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Who Created Bitcoin? The Mystery of Satoshi NakamotoMany have tried to identify the creator of Bitcoin, but he/she/they still remain elusive.
Unmasking Satoshi Nakamoto and answering the question 'who created Bitcoin?' is the biggest mystery of modern times, and it's even more baffling given that they left no trace of their identity behind on the internet.
What do we really know about Satoshi Nakamoto? Well, according to Satoshi's verified P2P online profile, their birthday is April 5, 1975, suggesting they recently turned 46 years old.
What else do we know with certainty about the Bitcoin creator?
- Satoshi was heavily inspired by the 'cypherpunks', a group of activists advocating for strong cryptography and privacy-enhancing technologies to facilitate social and political change. The movement was heavily centered around California and gained momentum in the early 1990s. Satoshi knew of many popular members such as David Chaum of Digicash, Hal Finney, Adam Back and others. Some even suggest Satoshi is someone within the cypherpunk community,
- The domain name bitcoin.com was registered in August 2008 and the white paper was released in October 2008,
- An early version of Bitcoin's code had a P2P market and virtual poker game,
- Satoshi wrote in perfect British English (spelling "colour" instead of "color" and using British phrases such as "bloody hard"). Also, a headline from the British newspaper The Times was embedded into the first Bitcoin block,
- Satoshi was proficient in C++ coding, economics and cryptography,
- Satoshi was mostly active on bitcointalk during the hours of 5pm-10pm (British Summer Time). Satoshi's code contributions and comments were more frequent in the summer and winter months, while tapering off in spring and at the end of the year, suggesting Bitcoin's creator may be an academic,
- Satoshi mined Bitcoin in the early days, and is estimated to hold as much as 600,000 BTC (which has never been moved),
- Satoshi's last email communication was on April 23, 2011, telling Bitcoin developer Mike Hearn that he was “moving onto other things”,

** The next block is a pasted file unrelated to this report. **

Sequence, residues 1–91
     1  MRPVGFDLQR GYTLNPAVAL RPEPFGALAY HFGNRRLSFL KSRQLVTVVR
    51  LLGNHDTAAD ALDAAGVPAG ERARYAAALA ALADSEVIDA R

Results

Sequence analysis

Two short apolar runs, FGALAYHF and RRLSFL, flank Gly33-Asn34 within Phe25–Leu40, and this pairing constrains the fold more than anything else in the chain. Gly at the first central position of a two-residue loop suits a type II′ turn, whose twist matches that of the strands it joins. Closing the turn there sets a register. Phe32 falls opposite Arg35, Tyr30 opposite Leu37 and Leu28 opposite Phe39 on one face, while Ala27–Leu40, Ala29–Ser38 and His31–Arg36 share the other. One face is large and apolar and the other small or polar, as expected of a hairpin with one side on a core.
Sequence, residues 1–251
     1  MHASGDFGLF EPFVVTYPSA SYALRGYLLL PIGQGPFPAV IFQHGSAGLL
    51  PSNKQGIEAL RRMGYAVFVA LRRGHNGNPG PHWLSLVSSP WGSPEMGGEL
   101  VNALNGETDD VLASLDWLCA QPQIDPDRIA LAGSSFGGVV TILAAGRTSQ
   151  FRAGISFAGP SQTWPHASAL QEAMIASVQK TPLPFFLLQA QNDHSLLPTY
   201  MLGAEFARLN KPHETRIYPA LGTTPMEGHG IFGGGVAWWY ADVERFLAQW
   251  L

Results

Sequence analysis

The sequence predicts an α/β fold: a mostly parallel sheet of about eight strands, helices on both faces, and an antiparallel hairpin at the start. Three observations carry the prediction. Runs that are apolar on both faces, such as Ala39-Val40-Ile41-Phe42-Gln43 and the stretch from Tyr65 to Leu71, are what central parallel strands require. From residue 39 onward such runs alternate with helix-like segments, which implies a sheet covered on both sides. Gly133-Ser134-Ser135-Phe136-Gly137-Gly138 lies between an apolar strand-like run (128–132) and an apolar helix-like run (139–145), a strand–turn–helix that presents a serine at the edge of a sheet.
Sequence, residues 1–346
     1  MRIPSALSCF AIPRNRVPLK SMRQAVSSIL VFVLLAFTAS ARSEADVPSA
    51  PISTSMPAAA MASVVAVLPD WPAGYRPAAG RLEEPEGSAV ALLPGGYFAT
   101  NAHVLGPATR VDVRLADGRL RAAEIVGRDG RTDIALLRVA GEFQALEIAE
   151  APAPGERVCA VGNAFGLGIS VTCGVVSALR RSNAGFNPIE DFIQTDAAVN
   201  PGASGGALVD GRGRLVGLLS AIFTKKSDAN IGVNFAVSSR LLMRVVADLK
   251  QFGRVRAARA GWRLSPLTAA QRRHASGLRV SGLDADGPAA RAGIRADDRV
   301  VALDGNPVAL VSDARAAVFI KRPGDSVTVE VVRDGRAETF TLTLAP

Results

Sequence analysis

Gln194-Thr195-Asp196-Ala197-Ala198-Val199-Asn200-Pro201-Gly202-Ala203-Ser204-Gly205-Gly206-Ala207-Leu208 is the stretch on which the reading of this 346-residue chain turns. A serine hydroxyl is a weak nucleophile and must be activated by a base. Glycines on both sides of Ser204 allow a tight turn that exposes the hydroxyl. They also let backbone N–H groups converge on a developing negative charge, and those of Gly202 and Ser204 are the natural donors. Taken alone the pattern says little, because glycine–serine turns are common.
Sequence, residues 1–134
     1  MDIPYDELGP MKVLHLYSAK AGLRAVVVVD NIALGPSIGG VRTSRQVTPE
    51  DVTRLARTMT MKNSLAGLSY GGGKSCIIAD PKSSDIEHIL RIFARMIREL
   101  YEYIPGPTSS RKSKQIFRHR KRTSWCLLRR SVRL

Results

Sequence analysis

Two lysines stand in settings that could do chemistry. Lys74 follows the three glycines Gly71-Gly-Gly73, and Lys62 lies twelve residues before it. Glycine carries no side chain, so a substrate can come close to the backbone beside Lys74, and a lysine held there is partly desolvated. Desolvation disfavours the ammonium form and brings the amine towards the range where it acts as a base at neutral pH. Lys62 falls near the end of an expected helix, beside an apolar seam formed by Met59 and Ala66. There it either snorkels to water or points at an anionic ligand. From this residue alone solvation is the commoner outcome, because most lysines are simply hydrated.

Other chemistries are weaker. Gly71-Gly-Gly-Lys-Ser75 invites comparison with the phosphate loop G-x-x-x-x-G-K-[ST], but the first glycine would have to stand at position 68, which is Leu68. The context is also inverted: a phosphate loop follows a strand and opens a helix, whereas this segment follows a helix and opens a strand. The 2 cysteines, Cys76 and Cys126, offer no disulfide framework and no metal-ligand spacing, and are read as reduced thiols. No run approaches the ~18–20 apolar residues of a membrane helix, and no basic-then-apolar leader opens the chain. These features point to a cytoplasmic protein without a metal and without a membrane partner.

NSA/Rogue Government EntitiesThe NSA put out their own paper for a digital currency back in 1996. Many of the elements of Bitcoin are there and looking at the screenshot below, we can see the paper was received October 31, 1996. The Bitcoin white paper was also released on the same day (October 31), but 12 years later. Perhaps some rogue elements in the government created Bitcoin and decided to do the world a favour!
While Bitcoin resulted from decades of research and work, the impeccable timing of the cryptocurrency's launch during the Global Financial Crisis in 2007-2008 leads some people to suspect that elements of the government were behind it. Some skeptics think digital currency could be the perfect Trojan horse to lead us into a cashless society with a traceable, one world currency, since all transfers can be tracked on Bitcoin's transparent blockchain.
For instance, one skeptic is Natalya Kaspersky, CEO of the InfoWatch group of companies and co-founder of Kaspersky Lab. In 2018, Kaspersky delivered a presentation with one slide reading, "Bitcoin is a project of American intelligence agencies, which was designed to provide quick funding for US, British and Canadian intelligence activities in different countries." Although no evidence was presented to back up this claim.
The major problem with the 'NSA created Bitcoin' theory is that the work required to build Bitcoin was a natural progression from what the cypherpunks achieved, and the cryptocurrency has great potential to threaten the status quo.
Hal FinneyHal Finney was the recipient of the first ever Bitcoin transaction, the first person to Tweet about Bitcoin and the first person to help Satoshi with the idea once it was posted on the Cryptography Mailing List.